What kinds of symptoms could be identified?

The symptoms that are identified by the assessment include anxiety, depression, burnout and trauma. Trauma can be further divided:  

  • avoidance which includes avoiding people, places or things associated with a trauma
  • arousal which includes feeling jumpy, irritable and unable to sleep
  • re-experience where you have dreams, flashbacks and constant thinking about an aspect of the trauma
  • negative thoughts about yourself or the future or feeling isolated or detached from others

What happens following the assessment?

Most people will require no further action however, about 10% of the assessments recommend some follow up. A structured interview (SI) is an appointment with a specially trained occupational health nurse or counsellor who will go through the assessment with you; it may be purely to seek clarity or context to your responses. A SI will allow some simple advice and support to be offered. Occasionally a follow-up psychological assessment (PA) is recommended and you will be offered an appointment with a psychologist, who will make a more in-depth assessment. If you do need any further help, your OH will be advised and will prepare a confidential report to your line manager advising of any workplace adjustments.  You will be asked to provide signed consent for this and will receive a copy of the report before it is sent to your line manager.  Please note that a follow-up recommendation does not mean that you are ill or unable to do your role.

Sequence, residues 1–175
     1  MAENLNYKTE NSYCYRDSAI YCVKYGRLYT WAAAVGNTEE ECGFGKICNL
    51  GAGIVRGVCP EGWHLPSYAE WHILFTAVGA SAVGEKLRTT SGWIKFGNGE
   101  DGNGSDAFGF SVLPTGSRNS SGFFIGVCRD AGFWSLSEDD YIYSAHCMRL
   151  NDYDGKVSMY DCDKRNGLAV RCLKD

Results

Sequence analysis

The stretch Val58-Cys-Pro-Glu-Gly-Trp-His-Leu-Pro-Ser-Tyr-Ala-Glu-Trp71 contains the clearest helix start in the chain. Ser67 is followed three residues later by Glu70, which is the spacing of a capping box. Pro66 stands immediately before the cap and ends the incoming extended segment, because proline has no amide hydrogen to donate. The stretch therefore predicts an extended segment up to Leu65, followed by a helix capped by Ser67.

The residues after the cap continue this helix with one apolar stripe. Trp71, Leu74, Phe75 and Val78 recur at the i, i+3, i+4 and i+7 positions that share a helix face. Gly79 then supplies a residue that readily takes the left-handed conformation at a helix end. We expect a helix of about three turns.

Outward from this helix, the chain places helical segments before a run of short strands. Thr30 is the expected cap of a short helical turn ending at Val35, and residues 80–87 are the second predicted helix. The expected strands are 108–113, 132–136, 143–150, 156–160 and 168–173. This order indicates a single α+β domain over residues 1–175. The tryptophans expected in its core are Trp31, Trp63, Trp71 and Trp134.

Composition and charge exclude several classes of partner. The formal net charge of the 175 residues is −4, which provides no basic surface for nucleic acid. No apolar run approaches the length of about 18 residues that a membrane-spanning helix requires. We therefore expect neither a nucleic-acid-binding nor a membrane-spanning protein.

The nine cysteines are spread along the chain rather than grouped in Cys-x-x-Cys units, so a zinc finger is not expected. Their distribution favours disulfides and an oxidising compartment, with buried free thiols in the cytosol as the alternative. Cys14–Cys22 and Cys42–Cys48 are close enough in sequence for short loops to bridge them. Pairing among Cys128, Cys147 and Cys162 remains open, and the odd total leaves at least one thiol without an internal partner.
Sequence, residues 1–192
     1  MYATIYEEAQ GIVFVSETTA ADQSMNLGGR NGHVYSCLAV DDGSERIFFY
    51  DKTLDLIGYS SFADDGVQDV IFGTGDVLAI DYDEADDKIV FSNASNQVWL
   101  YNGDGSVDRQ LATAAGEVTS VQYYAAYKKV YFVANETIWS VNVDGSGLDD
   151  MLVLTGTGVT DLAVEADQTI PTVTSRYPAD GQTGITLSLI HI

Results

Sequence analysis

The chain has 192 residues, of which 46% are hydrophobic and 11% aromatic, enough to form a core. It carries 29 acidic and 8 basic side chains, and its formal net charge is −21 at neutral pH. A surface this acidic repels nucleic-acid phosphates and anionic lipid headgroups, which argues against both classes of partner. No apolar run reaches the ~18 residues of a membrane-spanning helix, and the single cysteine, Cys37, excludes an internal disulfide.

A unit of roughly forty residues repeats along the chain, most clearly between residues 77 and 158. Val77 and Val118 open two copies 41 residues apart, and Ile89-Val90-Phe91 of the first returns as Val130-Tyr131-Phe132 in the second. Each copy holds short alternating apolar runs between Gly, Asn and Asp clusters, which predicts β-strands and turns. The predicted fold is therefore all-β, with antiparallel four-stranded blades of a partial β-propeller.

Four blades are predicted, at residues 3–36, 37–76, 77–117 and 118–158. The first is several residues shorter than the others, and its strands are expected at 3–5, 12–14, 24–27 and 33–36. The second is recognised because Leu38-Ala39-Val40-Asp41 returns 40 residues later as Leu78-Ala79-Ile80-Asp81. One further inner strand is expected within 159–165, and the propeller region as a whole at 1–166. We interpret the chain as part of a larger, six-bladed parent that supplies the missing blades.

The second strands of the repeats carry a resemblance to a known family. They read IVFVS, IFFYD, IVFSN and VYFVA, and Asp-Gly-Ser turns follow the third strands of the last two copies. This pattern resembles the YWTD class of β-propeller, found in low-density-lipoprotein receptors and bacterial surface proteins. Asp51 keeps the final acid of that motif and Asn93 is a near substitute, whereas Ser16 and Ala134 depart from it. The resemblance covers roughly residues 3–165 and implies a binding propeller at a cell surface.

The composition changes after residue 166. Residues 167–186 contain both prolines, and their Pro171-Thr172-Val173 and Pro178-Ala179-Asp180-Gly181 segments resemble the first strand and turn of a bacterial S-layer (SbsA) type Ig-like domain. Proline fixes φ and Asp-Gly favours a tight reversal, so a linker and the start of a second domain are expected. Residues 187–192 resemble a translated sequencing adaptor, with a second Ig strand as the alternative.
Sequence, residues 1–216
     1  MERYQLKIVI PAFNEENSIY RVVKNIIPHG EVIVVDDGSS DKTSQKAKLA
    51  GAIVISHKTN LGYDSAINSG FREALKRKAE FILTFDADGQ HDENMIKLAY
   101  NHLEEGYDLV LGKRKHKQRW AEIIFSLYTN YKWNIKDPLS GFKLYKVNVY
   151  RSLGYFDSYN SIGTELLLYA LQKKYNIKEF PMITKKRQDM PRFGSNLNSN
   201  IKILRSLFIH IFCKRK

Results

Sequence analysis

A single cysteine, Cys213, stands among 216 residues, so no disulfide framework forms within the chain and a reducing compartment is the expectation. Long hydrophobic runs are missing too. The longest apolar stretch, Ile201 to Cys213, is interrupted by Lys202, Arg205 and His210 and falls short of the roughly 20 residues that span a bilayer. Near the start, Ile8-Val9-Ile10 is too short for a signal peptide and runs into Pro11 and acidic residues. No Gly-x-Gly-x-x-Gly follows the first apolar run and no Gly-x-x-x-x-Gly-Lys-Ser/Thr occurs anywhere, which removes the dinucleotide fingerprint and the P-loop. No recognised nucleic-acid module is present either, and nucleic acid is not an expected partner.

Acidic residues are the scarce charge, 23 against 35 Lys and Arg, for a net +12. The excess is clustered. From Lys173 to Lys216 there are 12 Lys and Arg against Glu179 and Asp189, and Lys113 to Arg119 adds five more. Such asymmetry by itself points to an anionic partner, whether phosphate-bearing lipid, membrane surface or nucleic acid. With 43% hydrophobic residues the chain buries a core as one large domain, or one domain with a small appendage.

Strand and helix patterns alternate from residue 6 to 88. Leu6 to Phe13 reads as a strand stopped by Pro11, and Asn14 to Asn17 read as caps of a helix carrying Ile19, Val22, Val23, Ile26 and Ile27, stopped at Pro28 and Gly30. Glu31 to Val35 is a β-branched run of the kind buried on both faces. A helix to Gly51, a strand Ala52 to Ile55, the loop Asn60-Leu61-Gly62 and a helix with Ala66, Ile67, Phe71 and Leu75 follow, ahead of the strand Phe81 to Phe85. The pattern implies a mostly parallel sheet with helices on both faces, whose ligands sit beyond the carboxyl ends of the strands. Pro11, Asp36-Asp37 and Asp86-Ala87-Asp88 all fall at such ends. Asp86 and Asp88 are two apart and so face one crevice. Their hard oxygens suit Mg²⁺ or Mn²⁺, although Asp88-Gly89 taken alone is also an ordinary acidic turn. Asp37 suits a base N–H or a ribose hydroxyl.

What happens if I need extra help?